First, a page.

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FOR RELEASE: May 10, 2002

SCRIPPS CONTACTS: Mario Aguilera or Dora Dalton (858) 534-3624
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SCRIPPS NIERENBERG PRIZE AWARDED TO LEGENDARY TELEVISION NEWSMAN WALTER CRONKITE
Annual award recognizes science in the public interest

The second annual award honoring the memory of William A. Nierenberg, who led Scripps Institution of Oceanography, UCSD, as director for more than two decades, will be awarded to television newsman Walter Cronkite.

Cronkite will receive the Nierenberg Prize for Science in the Public Interest during a ceremony on Sunday, June 2, at 12:00 noon in front of the Birch Aquarium at Scripps. The event will include "A Seaside Chat with Walter Cronkite," which is free to the public, featuring Cronkite in conversation with Scripps Director Charles F. Kennel. Cronkite will be presented with a medal and $25,000.

Scripps is awarding the prize as the institution prepares to kick off its centennial celebration; Scripps will turn 100 on September 26, 2003.

The prize is named for William Nierenberg (1919-2000), who was a renowned national science leader. He served Scripps Institution as director from 1965 to 1986. The recipient of numerous awards and honors for professional research and public service, Nierenberg was widely known for a long record of national and international service. He served on various panels of the Presidents’ Science Advisory Committee. A leading expert in several fields of underwater research and warfare, Nierenberg was primarily known for his work in low-energy nuclear physics.

"The Nierenberg Prize annually honors the memory of William A. Nierenberg by recognizing those who promote science in the public interest," said Scripps Director Kennel. "The prize reflects Scripps’s mission to seek, teach, and communicate scientific understanding of the earth for the benefit of society and the environment. More than anyone else, Walter Cronkite shaped how two generations of Americans think about science and its meaning. He taught the value to humans of science, and by his example, he communicated the human values of science."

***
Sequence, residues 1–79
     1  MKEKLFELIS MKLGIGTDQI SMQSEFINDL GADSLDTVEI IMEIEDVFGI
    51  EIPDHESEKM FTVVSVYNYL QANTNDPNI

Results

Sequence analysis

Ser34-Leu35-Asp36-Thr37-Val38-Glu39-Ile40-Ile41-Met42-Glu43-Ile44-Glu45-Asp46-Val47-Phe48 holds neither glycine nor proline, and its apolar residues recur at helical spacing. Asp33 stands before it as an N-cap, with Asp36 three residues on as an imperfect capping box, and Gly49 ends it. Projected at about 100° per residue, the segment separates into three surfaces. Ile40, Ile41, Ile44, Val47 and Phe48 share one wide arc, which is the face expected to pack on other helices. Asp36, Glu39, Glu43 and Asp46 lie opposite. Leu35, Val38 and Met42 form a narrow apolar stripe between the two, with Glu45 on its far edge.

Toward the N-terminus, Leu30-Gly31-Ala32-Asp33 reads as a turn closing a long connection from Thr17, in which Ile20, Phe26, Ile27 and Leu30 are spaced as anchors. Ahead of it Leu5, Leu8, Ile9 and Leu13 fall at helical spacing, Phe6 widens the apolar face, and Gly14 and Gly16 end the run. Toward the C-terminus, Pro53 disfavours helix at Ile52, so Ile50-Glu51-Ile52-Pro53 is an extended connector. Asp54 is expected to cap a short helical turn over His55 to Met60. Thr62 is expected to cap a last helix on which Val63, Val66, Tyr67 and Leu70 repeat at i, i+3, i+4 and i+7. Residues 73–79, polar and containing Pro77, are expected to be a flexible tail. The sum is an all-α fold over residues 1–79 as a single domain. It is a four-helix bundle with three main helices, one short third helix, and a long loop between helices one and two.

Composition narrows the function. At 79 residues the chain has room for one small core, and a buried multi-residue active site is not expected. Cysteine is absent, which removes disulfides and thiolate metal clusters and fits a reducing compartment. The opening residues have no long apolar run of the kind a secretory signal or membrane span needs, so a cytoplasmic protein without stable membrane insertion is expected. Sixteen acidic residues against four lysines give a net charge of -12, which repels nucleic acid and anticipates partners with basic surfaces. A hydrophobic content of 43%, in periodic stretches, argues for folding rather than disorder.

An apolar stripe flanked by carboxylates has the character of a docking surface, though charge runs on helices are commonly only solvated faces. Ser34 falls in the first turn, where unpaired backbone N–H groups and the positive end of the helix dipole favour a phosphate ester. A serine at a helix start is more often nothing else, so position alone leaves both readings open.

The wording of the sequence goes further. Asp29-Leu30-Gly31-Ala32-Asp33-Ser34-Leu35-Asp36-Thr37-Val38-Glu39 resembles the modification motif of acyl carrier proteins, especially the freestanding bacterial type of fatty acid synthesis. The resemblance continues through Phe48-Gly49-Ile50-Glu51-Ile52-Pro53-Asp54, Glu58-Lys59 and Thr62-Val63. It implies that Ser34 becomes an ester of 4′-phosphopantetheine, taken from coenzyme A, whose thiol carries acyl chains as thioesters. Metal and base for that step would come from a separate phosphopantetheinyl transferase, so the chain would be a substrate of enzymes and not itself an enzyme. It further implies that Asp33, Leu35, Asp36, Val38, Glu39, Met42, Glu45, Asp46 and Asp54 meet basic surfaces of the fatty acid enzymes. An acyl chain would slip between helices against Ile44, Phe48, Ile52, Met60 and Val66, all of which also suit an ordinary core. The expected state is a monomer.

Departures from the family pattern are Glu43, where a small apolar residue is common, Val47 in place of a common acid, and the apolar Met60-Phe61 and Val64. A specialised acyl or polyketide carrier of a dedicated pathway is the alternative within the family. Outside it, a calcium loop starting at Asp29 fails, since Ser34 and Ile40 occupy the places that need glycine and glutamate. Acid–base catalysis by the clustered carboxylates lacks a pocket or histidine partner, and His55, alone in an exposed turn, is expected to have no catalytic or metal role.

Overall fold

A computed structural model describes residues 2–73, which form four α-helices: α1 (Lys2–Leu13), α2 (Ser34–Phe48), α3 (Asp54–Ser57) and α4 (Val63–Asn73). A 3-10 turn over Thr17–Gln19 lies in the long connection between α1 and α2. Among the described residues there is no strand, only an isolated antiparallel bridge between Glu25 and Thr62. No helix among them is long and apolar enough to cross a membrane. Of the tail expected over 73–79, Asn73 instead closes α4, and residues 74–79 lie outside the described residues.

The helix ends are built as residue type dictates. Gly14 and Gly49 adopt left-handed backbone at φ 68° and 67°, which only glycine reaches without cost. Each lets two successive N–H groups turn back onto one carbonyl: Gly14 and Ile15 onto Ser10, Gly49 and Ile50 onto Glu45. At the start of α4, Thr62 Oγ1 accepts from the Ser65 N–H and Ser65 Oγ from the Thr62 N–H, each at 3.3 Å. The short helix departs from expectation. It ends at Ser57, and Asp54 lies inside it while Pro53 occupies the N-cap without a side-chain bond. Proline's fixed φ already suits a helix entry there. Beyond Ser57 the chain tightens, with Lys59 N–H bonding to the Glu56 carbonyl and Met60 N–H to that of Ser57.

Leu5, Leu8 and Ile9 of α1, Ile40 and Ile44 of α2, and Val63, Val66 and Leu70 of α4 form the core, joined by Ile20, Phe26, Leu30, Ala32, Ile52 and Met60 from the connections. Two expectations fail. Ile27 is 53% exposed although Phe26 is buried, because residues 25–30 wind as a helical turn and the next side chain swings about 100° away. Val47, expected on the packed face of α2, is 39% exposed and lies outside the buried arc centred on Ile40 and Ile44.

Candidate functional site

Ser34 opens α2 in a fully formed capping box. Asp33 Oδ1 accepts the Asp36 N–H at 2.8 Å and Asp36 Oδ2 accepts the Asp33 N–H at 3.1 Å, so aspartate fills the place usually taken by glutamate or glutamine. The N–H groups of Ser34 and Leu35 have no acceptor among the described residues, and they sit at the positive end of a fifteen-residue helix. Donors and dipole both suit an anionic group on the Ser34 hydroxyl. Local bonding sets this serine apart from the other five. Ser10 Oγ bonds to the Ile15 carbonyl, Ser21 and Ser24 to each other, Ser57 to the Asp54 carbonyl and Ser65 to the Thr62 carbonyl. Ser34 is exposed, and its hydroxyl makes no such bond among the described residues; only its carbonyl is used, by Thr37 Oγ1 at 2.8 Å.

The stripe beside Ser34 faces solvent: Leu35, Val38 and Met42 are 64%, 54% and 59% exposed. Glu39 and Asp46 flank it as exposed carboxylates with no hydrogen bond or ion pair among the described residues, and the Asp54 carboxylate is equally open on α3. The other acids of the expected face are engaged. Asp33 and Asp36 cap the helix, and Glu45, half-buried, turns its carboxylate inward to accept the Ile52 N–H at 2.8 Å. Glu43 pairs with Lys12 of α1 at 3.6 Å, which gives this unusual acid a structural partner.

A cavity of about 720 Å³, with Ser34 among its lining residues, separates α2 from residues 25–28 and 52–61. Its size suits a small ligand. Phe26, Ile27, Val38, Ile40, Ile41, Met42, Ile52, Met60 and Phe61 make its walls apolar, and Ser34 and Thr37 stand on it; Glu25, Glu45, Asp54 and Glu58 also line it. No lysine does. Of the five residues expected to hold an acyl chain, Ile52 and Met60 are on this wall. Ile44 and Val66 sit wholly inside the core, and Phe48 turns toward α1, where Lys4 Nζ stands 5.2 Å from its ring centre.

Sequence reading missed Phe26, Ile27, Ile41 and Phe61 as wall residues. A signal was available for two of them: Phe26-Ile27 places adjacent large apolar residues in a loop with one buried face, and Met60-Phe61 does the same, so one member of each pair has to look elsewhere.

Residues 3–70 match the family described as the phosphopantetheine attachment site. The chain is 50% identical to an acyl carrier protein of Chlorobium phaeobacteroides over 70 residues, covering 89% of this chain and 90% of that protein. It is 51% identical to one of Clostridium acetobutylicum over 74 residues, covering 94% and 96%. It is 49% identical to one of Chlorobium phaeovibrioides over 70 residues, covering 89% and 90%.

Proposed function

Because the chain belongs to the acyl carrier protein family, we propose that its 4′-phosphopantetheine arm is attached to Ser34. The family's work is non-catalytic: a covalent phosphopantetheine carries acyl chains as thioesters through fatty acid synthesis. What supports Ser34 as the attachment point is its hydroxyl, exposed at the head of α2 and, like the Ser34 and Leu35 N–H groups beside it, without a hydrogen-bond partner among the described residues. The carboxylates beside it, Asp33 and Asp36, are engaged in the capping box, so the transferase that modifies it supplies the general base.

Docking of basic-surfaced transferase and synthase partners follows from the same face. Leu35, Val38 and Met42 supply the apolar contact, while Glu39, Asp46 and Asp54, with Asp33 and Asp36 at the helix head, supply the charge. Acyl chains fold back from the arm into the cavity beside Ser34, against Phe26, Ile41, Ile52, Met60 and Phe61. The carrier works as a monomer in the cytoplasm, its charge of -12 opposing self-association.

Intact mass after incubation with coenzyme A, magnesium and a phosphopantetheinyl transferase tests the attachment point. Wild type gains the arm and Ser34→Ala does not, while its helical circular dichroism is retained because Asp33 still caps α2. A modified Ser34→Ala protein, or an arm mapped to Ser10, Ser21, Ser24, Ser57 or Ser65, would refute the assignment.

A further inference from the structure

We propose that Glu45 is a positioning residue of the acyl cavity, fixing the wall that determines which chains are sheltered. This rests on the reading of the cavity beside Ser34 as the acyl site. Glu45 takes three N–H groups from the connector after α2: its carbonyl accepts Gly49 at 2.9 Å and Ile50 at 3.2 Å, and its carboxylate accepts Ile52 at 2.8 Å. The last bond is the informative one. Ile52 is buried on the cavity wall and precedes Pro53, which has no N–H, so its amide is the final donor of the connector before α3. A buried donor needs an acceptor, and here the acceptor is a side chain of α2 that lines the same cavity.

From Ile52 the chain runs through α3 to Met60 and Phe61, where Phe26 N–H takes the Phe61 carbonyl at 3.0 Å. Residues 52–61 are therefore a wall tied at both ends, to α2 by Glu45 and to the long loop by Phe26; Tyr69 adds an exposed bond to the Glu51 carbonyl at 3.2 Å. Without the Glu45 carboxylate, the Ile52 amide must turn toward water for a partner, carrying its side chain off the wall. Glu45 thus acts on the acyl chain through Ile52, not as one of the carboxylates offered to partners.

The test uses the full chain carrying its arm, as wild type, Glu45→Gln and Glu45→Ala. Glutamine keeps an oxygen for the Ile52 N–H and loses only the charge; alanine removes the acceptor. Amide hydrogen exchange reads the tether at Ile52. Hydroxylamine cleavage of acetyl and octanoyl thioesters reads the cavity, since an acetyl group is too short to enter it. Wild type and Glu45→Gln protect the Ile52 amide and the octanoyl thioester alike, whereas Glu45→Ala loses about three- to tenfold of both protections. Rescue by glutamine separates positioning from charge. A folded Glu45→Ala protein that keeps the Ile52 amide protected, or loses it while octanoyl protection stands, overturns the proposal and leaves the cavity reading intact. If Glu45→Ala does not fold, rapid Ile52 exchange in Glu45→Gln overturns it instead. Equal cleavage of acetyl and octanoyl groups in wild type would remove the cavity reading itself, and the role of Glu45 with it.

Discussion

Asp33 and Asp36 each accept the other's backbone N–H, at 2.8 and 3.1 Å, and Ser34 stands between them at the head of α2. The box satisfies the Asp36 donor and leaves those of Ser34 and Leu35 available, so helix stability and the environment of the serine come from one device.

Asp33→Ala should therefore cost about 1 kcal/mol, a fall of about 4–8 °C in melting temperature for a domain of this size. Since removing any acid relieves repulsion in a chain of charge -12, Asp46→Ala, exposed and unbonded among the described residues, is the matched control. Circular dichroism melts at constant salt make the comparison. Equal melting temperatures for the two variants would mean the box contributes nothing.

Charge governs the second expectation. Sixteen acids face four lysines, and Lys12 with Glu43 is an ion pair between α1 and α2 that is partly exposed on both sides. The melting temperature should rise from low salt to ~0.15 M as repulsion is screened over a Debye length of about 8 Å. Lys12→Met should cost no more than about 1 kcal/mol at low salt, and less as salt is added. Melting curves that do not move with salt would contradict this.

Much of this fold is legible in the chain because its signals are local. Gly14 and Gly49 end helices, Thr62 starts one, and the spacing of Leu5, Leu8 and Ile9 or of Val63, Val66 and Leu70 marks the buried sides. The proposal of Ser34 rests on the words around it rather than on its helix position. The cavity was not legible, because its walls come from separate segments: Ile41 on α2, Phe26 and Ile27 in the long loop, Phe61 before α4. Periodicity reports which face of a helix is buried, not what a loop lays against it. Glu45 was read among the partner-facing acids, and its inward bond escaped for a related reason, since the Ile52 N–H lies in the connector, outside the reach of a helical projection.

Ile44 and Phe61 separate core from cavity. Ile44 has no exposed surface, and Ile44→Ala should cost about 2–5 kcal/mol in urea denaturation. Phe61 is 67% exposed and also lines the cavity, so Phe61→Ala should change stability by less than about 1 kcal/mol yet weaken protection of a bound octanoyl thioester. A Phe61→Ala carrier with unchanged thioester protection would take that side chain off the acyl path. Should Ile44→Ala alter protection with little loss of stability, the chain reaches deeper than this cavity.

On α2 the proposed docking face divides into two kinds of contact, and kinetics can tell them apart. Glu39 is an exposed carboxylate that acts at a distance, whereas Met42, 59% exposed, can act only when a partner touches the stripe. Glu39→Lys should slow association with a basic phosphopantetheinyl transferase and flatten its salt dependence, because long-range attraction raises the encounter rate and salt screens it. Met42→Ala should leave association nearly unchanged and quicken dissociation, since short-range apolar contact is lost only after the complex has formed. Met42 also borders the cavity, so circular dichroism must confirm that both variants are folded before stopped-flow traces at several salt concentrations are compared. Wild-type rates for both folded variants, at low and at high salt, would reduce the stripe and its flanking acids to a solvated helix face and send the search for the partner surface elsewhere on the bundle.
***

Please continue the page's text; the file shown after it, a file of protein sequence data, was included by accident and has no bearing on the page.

Voted numerous times by the public as the "most trusted man in television news," Cronkite has been affiliated with CBS News since 1950. As a correspondent, he covered events from the Allied assaults at Normandy to the Nuremberg trials. He anchored the "CBS Evening News" from 1962 to 1981 and is particularly remembered for his coverage of the U.S. space program.

One of Cronkite’s early interactions with Scripps was in 1982, when he had the opportunity to join the Scripps-led OASIS research cruise, on the East Pacific Rise in the Pacific Ocean. The expedition was the first to introduce journalists to the newly discovered hydrothermal vents, which Cronkite saw firsthand by journeying nearly two miles to the ocean floor in the submersible Alvin. He reported his experiences on his summer science series, "Walter Cronkite's Universe."

Cronkite received honors for "Can the World Be Saved?", a series of pioneering environmental reports featured regularly on the "CBS Evening News" in the 1970s and ’80s. Several of the programs were concerned with the oceans and their inhabitants, and their importance to humankind.

Cronkite was awarded the Presidential Medal of Freedom in January 1981. When awarding the medal, President Jimmy Carter said of Cronkite, "He has reported and commented on the events of the last two decades with a skill and insight which stands out in the news world, in a way which has made the news of the world stand out for all of us."

He also has received the Governor’s Award from the Academy of Television Arts & Sciences and was elected into its Hall of Fame.

A lifelong, avid sailor, he has written four books about his sailing adventures. In 1996, he published his autobiography, A Reporter’s Life, and participated in a documentary series about his life, Cronkite Remembers, which aired on CBS and the Discovery Channel.

Birch Aquarium admission is not included with the Walter Cronkite free, public event.



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